Fuel cells are largely envisaged as the most likely successor to the internal combusion engine (ICE) and are at advanced stages of development for use in motor vehicles. Fuel cells are not restricted solely to transport and can be used for power generation in a range of contexts. It is however, transport that is believed to hold some of the greatest possibilities for the technology.
Background and History
The fuel cell was invented by Welshman Sir William Grove in 1839. It was his ‘gas voltaic battery’ that laid out the principles for modern fuel cells. Grove new that passing a current through water caused the separation of water into hydrogen and oxygen and hypothesised that the reaction could be reversed – thus creating an electric current. From his experiments, he created the first fuel cell. The term ‘fuel cell’ only came later in 1889 with Charles Langer and Ludwig Mond’s attempts to produce a working device.
In the 1960s, NASA used fuel cell technology to create electricity for spacecraft. Further development took place in the ’70s but it wasn’t until the 1980s that testing began in the automotive industry. In the mid ’90s, automotive prototypes were finally coming closer to practical use but the size of componentry was still a serious problem. Now, the size of fuel cell components has become manageable and testing is in advance stages.
Ballard Fuel Cell Timeline
The Principles of Fuel Cells
In the most basic sense, a fuel cell works in a similar way to a battery, changing chemicals from one form to another, generating an electric current as a by-product. The key difference is that whilst batteries hold energy to be released, fuel cells can generate energy only whilst they are supplied with fuel and air. The fuel used is typically hydrogen but can take other forms.
Unlike the combustion engine, a fuel cell has no moving parts making it far more efficient. Power is output as electric current which is passed to electric motors which in turn drive the vehicle. A combustion engine can actually only ever transfer a fraction of its input energy into motion; with substantial losses due to converting heat into mechanical energy. Toyota have stated that their conventional petrol engine offers a ‘tank-to-wheel’ ratio of 16% compared to their fuel cell vehicle which offers 48%.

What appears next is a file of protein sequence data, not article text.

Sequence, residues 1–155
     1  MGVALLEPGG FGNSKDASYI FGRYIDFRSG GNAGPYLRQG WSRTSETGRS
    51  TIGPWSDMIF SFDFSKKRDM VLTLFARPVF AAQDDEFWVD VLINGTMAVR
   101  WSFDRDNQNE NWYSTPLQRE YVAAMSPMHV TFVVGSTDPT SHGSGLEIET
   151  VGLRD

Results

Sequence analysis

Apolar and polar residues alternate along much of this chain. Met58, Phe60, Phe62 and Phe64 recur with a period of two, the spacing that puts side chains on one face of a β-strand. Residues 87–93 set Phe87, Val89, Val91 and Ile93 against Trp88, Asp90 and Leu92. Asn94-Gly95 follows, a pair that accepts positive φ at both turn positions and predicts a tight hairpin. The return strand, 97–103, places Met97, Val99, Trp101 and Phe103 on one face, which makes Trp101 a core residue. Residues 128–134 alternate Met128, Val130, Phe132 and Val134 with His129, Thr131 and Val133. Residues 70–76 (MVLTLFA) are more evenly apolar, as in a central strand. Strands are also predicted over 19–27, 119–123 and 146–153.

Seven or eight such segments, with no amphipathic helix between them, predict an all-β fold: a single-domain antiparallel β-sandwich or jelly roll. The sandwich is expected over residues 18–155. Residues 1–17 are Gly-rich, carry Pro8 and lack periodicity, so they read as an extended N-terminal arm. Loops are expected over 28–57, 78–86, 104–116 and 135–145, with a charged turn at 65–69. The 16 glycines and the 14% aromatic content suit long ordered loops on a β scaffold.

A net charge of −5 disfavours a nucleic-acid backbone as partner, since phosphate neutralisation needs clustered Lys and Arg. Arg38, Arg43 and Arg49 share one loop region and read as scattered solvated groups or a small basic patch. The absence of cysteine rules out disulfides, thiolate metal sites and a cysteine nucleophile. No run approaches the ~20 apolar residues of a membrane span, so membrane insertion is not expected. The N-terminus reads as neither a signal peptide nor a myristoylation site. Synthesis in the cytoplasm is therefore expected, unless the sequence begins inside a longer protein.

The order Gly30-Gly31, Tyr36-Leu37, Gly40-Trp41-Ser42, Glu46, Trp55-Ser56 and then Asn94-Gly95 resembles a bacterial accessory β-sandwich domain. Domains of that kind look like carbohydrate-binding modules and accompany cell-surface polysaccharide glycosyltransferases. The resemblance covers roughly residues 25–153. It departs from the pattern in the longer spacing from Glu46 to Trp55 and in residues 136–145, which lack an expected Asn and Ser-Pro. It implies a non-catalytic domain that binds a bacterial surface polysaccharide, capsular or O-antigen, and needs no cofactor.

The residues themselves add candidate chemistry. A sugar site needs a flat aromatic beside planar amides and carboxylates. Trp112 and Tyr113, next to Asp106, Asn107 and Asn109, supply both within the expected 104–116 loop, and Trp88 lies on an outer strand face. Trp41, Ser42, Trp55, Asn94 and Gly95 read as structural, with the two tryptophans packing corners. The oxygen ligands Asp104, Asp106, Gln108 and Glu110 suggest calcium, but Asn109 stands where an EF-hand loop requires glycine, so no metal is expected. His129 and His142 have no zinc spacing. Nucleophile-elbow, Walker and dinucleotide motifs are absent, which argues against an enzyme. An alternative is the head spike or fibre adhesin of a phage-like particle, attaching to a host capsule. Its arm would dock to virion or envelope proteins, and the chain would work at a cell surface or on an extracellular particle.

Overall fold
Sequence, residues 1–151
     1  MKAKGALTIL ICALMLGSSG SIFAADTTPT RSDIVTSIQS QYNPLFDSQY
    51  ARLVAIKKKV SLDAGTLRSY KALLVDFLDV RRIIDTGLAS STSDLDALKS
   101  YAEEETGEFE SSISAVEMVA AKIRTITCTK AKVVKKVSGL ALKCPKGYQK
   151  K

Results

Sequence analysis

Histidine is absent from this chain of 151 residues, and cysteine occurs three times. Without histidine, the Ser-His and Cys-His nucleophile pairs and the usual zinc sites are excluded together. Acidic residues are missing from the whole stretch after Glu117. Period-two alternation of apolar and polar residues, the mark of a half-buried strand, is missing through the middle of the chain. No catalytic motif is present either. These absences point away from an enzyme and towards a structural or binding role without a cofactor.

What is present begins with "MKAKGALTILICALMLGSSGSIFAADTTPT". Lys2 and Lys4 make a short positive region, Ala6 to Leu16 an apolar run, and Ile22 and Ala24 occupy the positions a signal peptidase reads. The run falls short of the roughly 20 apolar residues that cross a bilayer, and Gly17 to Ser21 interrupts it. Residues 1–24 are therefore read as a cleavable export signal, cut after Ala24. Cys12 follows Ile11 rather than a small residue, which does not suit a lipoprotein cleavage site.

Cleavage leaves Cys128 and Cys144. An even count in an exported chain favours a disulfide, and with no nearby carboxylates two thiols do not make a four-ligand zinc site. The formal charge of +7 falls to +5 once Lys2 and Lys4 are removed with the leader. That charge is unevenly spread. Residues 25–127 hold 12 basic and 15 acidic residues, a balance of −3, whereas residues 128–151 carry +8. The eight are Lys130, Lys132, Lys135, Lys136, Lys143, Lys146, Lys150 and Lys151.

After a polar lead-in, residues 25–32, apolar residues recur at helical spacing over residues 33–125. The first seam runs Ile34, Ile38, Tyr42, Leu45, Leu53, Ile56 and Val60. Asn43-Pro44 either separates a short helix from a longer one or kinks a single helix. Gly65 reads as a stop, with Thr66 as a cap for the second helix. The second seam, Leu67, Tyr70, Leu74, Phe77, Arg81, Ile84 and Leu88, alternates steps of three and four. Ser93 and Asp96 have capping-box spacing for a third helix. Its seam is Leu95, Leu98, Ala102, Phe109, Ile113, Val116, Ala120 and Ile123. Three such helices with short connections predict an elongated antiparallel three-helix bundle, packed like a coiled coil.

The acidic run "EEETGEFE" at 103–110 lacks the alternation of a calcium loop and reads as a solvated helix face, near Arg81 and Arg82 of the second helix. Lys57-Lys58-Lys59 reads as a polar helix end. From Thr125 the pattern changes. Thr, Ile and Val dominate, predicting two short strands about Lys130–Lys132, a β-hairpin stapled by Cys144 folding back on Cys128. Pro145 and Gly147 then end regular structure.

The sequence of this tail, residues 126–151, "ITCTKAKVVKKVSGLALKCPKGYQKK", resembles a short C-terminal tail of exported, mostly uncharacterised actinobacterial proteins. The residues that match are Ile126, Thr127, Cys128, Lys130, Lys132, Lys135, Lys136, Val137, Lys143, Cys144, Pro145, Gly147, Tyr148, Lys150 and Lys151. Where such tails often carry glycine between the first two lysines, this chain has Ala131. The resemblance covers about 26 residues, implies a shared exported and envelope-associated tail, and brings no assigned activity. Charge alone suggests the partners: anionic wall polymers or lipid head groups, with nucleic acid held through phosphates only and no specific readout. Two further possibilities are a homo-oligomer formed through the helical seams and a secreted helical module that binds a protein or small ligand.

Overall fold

In terms of vehicle design, fuel cells can now be packaged within relatively standard proportions.
The following components must be incorporated:
- Fuel cell stack
- Electric motor(s) – depending upon your choice of drive configuration
- Hydrogen tank
- Electronic contol unit.
The Main Types of Fuel Cell
Proton Exchange Membrane (PEM)
PEM fuel cells are relatively small with a good power generation ratio for their size. These systems use a solid polymer membrane as the electrolyte and operate at low temperatures. The solid electrolyte means simpler production and longer life whilst low operating temperatures allow faster start-up and power increase responses.
Proton exchange membrane fuel cells are the choice for automotive applications due to the favourable performance they offer in a small package. All current automotive fuel cells use the PEM system.
More details on the PEM Fuel Cell
Alkaline systems need pure oxygen and hydrogen to work which makes them less versatile than other types of fuel cell.
Common for use in industrial power generation, they are typically used in static applications. With their high operating temperature, corrosive electrolyte and complex system, they are not appropriate for automotive roles.
These systems are highly complex and use a molten electrolyte. This means the system operates at very high temperatures; this allows the process to take place without a fuel processor but it is only used in wholesale energy production applications.
These systems run at extremely high temperatures and can operate with far less pure fuels than other systems; their overall operation is relatively simple. Planned use as very large static power stations.
This section looks at the principles and design concerns associated with the most common form of automotive propulsion – the internal combustion engine as well as some of the less well know variants and alternatives.
The rotary engine was conceived by Felix Wankel in Germany in 1926 with the first functional prototype not actually running until 1957 – this was largely due to the Second World War and the fragmented post-war Germany.
Electric motors were one of the earliest means of propelling autocars.